Meanwhile, improvements on nature sharply increased output. Chemical fertilizers are higher in plant nutrients and cheaper to apply than manure and other organic fertilizers. Worldwide usage now exceeds 100 billion pound annually (about twenty pounds for each person on the planet), not only raising yields, but also reducing the need for crop rotation in advanced economies. This allowed increased scale and specialization, but at the cost of providing a banquet for insects. DDT and other organic insecticides greatly alleviated this problem after World War II. But the largest improvements were in the crops themselves, as America began and then exported the “Green Revolution.” Semidwarf hybrid wheats, with thick, short stalks to support heavier heads of grain, replaced marquis wheat, itself a hardy Canadian hybrid, beginning in the 1960s. Corn hybrids, almost unknown in 1930, were nearly universal by 1980.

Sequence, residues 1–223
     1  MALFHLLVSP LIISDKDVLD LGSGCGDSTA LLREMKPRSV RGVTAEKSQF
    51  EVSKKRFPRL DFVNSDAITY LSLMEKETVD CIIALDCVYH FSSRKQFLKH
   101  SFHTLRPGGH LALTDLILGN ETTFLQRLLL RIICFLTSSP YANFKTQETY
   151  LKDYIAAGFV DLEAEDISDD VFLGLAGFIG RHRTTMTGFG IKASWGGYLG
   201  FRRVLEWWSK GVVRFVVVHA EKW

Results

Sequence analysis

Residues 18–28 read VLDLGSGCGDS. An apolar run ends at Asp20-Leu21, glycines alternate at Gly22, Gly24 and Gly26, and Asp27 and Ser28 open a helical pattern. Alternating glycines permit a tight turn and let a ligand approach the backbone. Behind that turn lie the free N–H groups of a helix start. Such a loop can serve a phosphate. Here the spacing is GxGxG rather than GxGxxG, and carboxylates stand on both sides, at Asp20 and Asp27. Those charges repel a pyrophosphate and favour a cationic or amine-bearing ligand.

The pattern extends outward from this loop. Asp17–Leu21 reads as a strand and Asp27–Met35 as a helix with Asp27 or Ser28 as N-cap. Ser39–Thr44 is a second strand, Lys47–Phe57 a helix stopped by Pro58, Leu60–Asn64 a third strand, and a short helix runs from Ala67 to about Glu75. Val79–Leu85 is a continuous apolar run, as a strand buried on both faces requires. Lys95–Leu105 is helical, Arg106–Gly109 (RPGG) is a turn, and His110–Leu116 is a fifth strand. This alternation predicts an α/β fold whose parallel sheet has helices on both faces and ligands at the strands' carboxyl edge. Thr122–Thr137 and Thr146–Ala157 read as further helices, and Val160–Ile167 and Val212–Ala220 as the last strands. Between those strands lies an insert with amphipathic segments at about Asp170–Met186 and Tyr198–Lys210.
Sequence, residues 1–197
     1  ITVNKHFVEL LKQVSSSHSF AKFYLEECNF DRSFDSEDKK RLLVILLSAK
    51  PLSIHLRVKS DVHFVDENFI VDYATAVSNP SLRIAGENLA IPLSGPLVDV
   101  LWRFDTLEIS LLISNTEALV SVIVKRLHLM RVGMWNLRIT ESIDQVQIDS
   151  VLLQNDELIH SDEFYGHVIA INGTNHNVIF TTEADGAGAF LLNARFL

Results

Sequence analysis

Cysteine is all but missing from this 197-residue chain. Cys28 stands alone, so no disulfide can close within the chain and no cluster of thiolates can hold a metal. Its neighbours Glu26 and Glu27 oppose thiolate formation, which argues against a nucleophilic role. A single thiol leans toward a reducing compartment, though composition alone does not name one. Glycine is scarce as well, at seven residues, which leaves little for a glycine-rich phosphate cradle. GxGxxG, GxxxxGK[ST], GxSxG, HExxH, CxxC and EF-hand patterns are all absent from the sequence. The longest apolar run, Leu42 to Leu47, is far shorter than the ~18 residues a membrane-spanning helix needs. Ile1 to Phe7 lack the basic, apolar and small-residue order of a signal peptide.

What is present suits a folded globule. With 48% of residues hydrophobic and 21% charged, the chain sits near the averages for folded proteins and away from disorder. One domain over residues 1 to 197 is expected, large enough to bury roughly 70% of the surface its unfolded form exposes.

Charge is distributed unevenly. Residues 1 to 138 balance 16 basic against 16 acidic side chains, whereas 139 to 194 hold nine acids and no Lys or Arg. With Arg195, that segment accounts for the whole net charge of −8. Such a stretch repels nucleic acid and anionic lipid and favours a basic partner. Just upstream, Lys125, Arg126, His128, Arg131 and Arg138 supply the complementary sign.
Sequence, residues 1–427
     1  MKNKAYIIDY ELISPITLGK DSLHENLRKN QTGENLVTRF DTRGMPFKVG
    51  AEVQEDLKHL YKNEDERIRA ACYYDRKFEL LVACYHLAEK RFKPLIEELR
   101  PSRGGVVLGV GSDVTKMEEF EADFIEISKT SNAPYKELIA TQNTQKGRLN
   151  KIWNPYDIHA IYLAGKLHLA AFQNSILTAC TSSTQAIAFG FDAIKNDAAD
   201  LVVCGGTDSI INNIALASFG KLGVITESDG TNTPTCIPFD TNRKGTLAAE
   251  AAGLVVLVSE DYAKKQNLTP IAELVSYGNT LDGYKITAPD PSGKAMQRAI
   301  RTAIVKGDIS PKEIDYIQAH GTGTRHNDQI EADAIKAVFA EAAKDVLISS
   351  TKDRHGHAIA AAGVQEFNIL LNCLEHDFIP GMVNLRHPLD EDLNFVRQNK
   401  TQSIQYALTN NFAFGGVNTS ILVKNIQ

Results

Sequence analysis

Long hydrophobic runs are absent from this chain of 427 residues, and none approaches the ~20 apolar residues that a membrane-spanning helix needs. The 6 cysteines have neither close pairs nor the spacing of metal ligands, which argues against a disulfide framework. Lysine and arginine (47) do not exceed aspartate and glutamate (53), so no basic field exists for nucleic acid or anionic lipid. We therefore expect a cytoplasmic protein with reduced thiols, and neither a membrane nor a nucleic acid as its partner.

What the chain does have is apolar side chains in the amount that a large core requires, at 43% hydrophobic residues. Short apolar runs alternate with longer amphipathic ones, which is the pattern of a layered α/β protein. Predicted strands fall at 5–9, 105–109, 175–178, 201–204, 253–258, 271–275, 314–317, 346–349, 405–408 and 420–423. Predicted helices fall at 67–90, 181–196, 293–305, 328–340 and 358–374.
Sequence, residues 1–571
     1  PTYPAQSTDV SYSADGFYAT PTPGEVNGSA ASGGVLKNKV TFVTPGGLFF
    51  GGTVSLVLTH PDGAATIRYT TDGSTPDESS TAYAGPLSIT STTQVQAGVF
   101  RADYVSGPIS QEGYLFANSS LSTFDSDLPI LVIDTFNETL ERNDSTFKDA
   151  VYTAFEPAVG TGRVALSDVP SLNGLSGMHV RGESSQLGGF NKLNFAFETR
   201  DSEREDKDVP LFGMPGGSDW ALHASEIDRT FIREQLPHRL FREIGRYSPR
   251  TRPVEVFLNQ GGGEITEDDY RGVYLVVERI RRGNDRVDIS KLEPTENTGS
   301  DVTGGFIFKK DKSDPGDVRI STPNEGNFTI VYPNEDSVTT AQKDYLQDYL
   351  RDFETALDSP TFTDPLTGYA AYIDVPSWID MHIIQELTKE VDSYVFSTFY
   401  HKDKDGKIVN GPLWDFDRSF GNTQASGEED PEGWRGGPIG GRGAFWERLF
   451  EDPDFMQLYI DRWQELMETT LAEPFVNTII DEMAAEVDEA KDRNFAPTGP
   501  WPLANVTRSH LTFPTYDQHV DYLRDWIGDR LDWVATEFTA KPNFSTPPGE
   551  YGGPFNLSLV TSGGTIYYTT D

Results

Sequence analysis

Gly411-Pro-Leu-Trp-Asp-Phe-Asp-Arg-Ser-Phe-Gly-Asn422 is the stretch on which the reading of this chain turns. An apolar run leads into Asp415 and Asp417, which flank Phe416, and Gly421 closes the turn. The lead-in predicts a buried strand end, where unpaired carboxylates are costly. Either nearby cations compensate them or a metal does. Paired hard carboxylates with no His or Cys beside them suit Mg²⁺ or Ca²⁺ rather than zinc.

Fast-maturing, disease-and insect-resistant semidwarf rice hybrids followed in the 1960s. Together, these advances have raised yields from threefold to tenfold over nineteenth-century levels. Selective breeding has similarly doubled average milk production per dairy cow since the 1930s and halved the amount of grain consumed by chickens per pound of meat produced since the 1940s. Another doubling of agricultural productivity would now free only about 1 percent of the work force, producing a comparable gain in overall productivity.